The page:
As shown in Table 3, nearly all STE measures in the various walls of the LV were significantly different between those patients in groups A, B, and C. Further, some regional measures of longitudinal and radial strain were different between those patients without symptoms (group A) and those patients with mild symptoms (group B), whereas EF was not different between these groups (Figure 2). Only one patient without symptoms (group A) had qualitatively determined wall motion abnormalities (global mild hypokinesis). The predominant qualitatively determined wall motion abnormality in those patients with symptoms (groups B, C) was in the anteroseptal, inferolateral, inferior, or inferoseptal walls of the LV. The pattern of qualitatively determined wall motion abnormalities was similar between those patients with mild (group B) and moderate (group C) symptoms.
Correlation of STE measures with functional status in patients with an EF ≥45%
In the 34 patients included in this study who had an EF ≥45%, biplane EF did not have a linear association with the DASI score of functional status (r = 0.064, P = 0.72, n = 34). Further, traditional echocardiographic measures of “diastolic function”, such as E/e’, had no correlation with the DASI score of functional status (r = −0.16, P = 0.37, n = 32). However, similar to what was shown in all patients, longitudinal strain in the inferolateral segments had significant correlation with DASI score in these patients with preserved EF (r = −0.53, P = 0.03, n = 16).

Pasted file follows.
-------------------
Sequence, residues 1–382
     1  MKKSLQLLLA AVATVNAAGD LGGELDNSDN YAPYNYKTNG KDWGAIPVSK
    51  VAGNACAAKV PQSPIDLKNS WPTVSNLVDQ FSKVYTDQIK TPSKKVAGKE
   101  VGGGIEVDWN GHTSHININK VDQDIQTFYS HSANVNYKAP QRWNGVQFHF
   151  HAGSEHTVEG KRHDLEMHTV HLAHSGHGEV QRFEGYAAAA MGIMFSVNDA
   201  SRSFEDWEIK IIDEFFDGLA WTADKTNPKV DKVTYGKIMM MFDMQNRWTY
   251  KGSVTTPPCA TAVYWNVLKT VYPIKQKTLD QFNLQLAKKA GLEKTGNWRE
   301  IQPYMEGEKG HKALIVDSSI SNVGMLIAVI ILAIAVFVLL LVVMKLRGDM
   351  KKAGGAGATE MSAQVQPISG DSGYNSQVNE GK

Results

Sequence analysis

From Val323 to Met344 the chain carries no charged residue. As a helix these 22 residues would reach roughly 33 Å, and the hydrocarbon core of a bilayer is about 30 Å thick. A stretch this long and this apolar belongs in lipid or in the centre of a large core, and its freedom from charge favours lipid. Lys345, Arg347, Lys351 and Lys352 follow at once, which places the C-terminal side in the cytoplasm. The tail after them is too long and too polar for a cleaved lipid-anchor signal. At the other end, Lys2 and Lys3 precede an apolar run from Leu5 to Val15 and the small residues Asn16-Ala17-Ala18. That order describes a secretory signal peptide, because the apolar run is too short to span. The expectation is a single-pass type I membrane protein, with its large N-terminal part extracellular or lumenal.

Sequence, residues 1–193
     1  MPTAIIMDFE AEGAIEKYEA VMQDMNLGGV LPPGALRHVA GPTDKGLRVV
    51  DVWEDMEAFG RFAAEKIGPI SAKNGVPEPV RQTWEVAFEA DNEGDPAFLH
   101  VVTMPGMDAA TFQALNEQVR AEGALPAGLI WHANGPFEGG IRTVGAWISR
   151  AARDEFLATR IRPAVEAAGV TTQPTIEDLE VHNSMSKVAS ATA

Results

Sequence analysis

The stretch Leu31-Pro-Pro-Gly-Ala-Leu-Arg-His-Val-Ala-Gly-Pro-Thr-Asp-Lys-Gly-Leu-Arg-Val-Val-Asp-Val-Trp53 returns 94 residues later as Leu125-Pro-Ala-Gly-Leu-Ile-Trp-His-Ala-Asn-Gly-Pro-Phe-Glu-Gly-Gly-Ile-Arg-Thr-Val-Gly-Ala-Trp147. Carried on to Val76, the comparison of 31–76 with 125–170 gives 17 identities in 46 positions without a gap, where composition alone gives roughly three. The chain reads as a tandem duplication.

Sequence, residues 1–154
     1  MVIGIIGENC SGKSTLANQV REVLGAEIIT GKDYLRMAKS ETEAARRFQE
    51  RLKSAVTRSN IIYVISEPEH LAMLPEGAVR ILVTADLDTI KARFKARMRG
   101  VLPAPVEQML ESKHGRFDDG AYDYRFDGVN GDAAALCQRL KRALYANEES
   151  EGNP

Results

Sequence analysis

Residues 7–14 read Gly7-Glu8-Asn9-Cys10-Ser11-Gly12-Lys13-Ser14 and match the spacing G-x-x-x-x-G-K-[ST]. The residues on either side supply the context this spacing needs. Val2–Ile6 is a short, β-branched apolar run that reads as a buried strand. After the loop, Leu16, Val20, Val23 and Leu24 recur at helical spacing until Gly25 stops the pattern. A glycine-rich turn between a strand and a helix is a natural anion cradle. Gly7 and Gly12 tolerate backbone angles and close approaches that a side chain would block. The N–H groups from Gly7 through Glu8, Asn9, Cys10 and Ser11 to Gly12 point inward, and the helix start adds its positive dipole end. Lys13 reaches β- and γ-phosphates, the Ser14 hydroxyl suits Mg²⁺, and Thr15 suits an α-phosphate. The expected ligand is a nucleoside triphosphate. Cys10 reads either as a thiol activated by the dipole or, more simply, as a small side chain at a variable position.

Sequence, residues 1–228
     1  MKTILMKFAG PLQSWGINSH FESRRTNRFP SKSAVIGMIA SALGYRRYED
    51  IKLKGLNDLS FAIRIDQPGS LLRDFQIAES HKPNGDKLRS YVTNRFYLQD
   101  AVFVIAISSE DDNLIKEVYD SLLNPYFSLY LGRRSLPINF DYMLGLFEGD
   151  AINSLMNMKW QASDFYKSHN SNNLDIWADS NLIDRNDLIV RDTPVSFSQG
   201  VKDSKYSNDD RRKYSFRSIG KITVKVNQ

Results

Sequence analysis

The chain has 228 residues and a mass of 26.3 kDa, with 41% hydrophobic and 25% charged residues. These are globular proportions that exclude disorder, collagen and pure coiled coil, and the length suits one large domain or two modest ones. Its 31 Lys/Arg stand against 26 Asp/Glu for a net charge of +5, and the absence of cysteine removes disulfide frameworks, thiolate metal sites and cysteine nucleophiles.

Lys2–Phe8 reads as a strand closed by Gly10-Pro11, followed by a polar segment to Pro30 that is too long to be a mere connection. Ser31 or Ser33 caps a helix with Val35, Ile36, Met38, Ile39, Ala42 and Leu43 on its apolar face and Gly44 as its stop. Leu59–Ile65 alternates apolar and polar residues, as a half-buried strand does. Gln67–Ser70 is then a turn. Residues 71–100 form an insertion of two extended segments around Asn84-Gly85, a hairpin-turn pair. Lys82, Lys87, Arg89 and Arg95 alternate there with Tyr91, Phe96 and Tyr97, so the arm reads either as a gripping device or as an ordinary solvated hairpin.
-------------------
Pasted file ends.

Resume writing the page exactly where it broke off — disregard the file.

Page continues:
We aimed to determine if novel measures of LV contractility had a strong linear association with functional capacity. STE-determined measures of global and regional LV function had a strong linear association with the DASI score of functional capacity. The strength of the association between most STE-determined measures of strain and the DASI score of functional capacity was not statistically different than the association of EF with the DASI score in this small cohort. However, the difference in the strength of the correlation of anteroseptal longitudinal strain with the DASI score and the strength of the correlation of EF with the DASI score was near statistically significant despite the small sample. Further, in patients with preserved EF, STE-determined measures of regional strain had a strong correlation with functional capacity, whereas EF and traditional Doppler echocardiographic parameters of LV diastolic function had no correlation with functional capacity. These findings support previous work which has demonstrated decreased systolic myocardial strain in patients with heart failure but preserved EF [8, 14]. Finally, multiple measures of STE-determined global and regional strain were different between those patients with no symptoms (Group A) and those patients with mild symptoms (Group B). These findings suggest that STE measures of global LV myocardial contractility may have better sensitivity in detecting clinically relevant LV dysfunction, especially in those patients with heart failure but preserved EF.